Given a reflexive and transitive relation of closeness to u, the new truth conditions are as follows. The counterfactual $p>q$ is true at u iff, for every p-world ${w}_{0}$, there is a $p\mathrm{&}q$-world ${w}_{1}$ at least as close to u as ${w}_{0}$ such that there is no $p\mathrm{&}\mathrm{¬}q$-world ${w}_{2}$ at least as close to u as ${w}_{1}$. Torza (2012, 25); cf. Burgess (2009, 83 and fol.).

The possibility of getting the relevant closeness relation by weighing and combining different respects of comparison is what allowed Lewis to respond to Fine’s future similarity objection. See Fine (1975), Lewis (1979).

Indeed, non-trivial results concerning finite axiomatizability lead Williamson (1988, 472) to suggest that “the four-termed relation is conceptually more basic than its three-termed counterpart”.

Williamson (1988, 461).

Lewis (1973a, 51). Williamson (1988, 460) has offered his own arguments in support of the symmetry of comparative similarities. Basically, he suggests to add a parameter to the relation T so as to relativize comparisons to a world. When that extra parameter is held fixed, says Williamson, the relation should behave symmetrically. Nevertheless, since the semantics at stake happens not to be defined in terms of closeness relations with the extra parameter, it is not clear why Williamson’s proposal should be relevant to the present issue.

Williamson (1988, 464).

Lewis (1986, 86) points out that the formulation of plenitude employed here is vacuous for the genuine modal realist, since a way a world could be is a world. For that reason, he provides an alternative construal of plenitude which relies on a recombination principle for worlds – roughly, every way of recombining (duplicates of) individuals constitutes a world. Lewis’ point, however, is orthogonal to the present issue and I will ignore it in the remainder of the discussion.

A further constraint, which was omitted here, is that the best theory be formulated in a language whose non-logical constants refer only to natural properties. This requirement is meant to avoid achieving simplicity in a trivial fashion. Lewis (1983, 367).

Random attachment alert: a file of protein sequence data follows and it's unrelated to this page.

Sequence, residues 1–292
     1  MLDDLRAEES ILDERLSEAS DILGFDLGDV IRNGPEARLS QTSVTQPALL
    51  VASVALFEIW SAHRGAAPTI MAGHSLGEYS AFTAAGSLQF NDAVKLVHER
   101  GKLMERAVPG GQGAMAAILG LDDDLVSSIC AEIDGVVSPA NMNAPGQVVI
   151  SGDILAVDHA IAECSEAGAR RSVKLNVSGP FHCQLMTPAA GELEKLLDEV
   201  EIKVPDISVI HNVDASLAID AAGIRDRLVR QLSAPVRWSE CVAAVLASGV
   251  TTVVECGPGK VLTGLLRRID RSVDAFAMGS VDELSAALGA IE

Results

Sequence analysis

Lewis defends plenitude in (1986, 86), unrestricted composition in (1986, 213) and the best theory account in (1973a, 73).

In lieu of referring to the pair of v and w by way of the mereological sum vw, we could have referred to it as a plurality in the sense of Boolos (1984). Therefore, the assumption of unrestricted composition is not essential to the following argument.

The precise formulation mirrors the truth conditions of footnote 23. So, given a reflexive and transitive relation of closeness, the counterfactual “Had C not occurred, E would not have occurred” is true at ${u}_{C}{u}_{E}$ iff, for every $\mathrm{¬}C$-world-sum ${v}_{0}{w}_{0}$, there is a $\mathrm{¬}C\mathrm{&}\mathrm{¬}E$-world-sum ${v}_{1}{w}_{1}$ at least as close to ${u}_{C}{u}_{E}$ as ${v}_{0}{w}_{0}$ such that there is no $\mathrm{¬}C\mathrm{&}E$-world-sum ${v}_{2}{w}_{2}$ at least as close to ${u}_{C}{u}_{E}$ as ${v}_{1}{w}_{1}$.

Or, for the genuine modal realist, recombination.

Of course, the closest ${v}^{\prime }{w}^{\prime }$ is also such that ${v}^{\prime }$ has exactly the same K-particles as v and ${w}^{\prime }$ has exactly the same K-particles as w. The same conditions can be rephrased in terms of counterparts, if necessary.

(3) over (4) in Lewis (1979, 472).

The argument has a wrinkle: it goes through only if the number of particles is finite. It can however be easily generalized to the infinitary case.

The present objection is based on a comment by an anonymous referee.

This is the kind of scenario which can take place according to the standard interpretation of quantum mechanics.

Cf. Okasha (2011) for an application of Arrow’s theorem to the problem of theory choice.

Citation Information: Metaphysica, ISSN (Online) 1874-6373, ISSN (Print) 1437-2053,